News / Lambing
Jack Foulks and his Family farm in Anglesey running a flock of 3,000 Suffolk cross Texel cross mule breeding ewes lambing in February.
Due to a high rainfall area lambing takes place indoors between the months of January and early April, with the majority of lambs born in February. Ewes are housed from the start of December. “Before implementing the Pruex 5 point plan in 2019 we did
have a problem with E Coli scours in the lambs and numerous cases of joint ill. We didn’t loose many lambs, but did have to use more antibiotics than we’d want to limit the problem.” Said Jack. Each lamb was given an oral antibiotic treatment along with a penicillin injection. “Our successes in reducing our issues aren’t purely down to using Pruex products to ensure a dry bed, clean air and pure water, we have also worked on the nutrition of the ewes with the renowned vet Kate Hovers. Getting all things right can make a real difference. Since we’ve used the Pruex Water Plus treatment via a dosatron and misted our bedding with Pruex Stabiliser, the E Coli scours have stopped and we have also ended the problematic blanket treatment of antibiotics.” Said Jack
The ewes bedding is noticeably dryer. “When Aled told me to use a liquid product to dry up the bedding, if I’m honest, to start with I didn’t believe him, but it really does dry up the bedding. We don’t use a great deal less straw but I think that’s because the ewes seem to eat more of it than they used to. We aim to keep the ewes as clean as possible and the Pruex Stabiliser certainly helps in that respect”
Ingram Family Logie Durno
The Ingram’s are well known across the UK and further afield for their sheep enterprise at Logie Durno farm in Inverurie. The 3,500 strong ewe base of pedigree and cross breed ewes produce over 800 rams annually that are sold at their on farm sale, national society sales and NSA sales. The family produce rams for both the maternal and terminal market, with the pedigree and terminal flocks lambed indoors from December, with the indoor lambing concluding at the end of April.
“The family being well known and respected within the industry are drivers of positive change to outdated practices” says Aled Davies founder of Pruex.
Ewes are lambed on a mix of straw and sawdust beds with ewes spending as little time indoors as possible. They are brought indoors once the first ewe from that cycle lambs outdoors. Ewes are lambed indoors for ease of management and for ease of data capture such as birth weights, parental details and ease of lambing recorded prior to turnout.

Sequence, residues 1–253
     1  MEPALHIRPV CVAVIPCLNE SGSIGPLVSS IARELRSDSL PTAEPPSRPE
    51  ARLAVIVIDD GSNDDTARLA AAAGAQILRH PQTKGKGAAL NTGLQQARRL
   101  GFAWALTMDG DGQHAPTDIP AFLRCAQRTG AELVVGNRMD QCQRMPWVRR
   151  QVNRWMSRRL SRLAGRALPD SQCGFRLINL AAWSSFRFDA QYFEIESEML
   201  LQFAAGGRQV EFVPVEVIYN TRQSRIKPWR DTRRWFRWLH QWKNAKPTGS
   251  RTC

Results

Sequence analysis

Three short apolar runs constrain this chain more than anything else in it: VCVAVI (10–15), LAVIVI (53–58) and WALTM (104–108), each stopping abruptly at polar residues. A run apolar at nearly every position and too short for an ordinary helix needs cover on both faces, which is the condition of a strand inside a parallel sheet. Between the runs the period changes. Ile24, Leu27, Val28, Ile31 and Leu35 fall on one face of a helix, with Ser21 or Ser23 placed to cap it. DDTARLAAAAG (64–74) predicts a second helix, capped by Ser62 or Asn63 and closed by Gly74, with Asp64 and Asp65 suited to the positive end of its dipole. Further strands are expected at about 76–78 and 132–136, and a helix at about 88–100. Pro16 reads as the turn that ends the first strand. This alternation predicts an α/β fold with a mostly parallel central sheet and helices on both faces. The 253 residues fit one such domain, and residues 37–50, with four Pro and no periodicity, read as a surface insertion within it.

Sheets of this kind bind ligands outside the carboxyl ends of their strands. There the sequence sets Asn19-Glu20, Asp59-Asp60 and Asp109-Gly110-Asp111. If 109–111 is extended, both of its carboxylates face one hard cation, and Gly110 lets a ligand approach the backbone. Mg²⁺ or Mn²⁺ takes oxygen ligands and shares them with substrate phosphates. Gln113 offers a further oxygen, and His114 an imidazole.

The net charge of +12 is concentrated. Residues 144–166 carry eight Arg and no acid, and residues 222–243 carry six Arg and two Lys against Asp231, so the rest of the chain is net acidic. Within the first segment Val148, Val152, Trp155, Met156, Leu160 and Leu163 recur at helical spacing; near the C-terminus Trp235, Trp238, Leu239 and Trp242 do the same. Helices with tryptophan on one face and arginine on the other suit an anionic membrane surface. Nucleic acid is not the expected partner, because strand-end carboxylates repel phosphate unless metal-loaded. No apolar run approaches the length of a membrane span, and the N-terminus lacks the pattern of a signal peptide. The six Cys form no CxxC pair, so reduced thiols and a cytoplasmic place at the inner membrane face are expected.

Gregor Ingram approached Pruex in 2019 with the aim of limiting antibiotic, chemical use and input cost, with a focus on preventing rather than curing disease.
The Pruex Five Point Plan was adopted in 2019: • Water Plus treatment was applied via the farms borehole treating the whole water system. • Pruex Stabiliser was misted daily on the bedding, loose pens and individual mothering pens. • No corners were missed with the pet lamb group on a shepherdess feeding system also being treated.
The big difference seen by Gregor and the family was the reduction in the mastitis cases on the farm both immediately in the lambing shed and following turn out. “We had hardly any mastitis this year in the ewes, as toxic bacteria pressure was reduced. The ewes seemed to be leaving the shed a lot cleaner and healthier, and they have remained healthy throughout the year with the lambs and ewes also performing well.” The farm even noted an improvement in the pet lambs with “batches weaning off the machines cleaner and healthier with much improved performance following weaning,” said Gregor.
The focus for the 2020 season will be to drive down antibiotic usage on the farm by further reducing the mastitis cases as well as a focus on lameness within the flock.” This should be a big focus for sheep farmers across the UK” states Gregor. “The family being well known and respected within the industry are drivers of positive change to outdated practices” says Aled Davies founder of Pruex.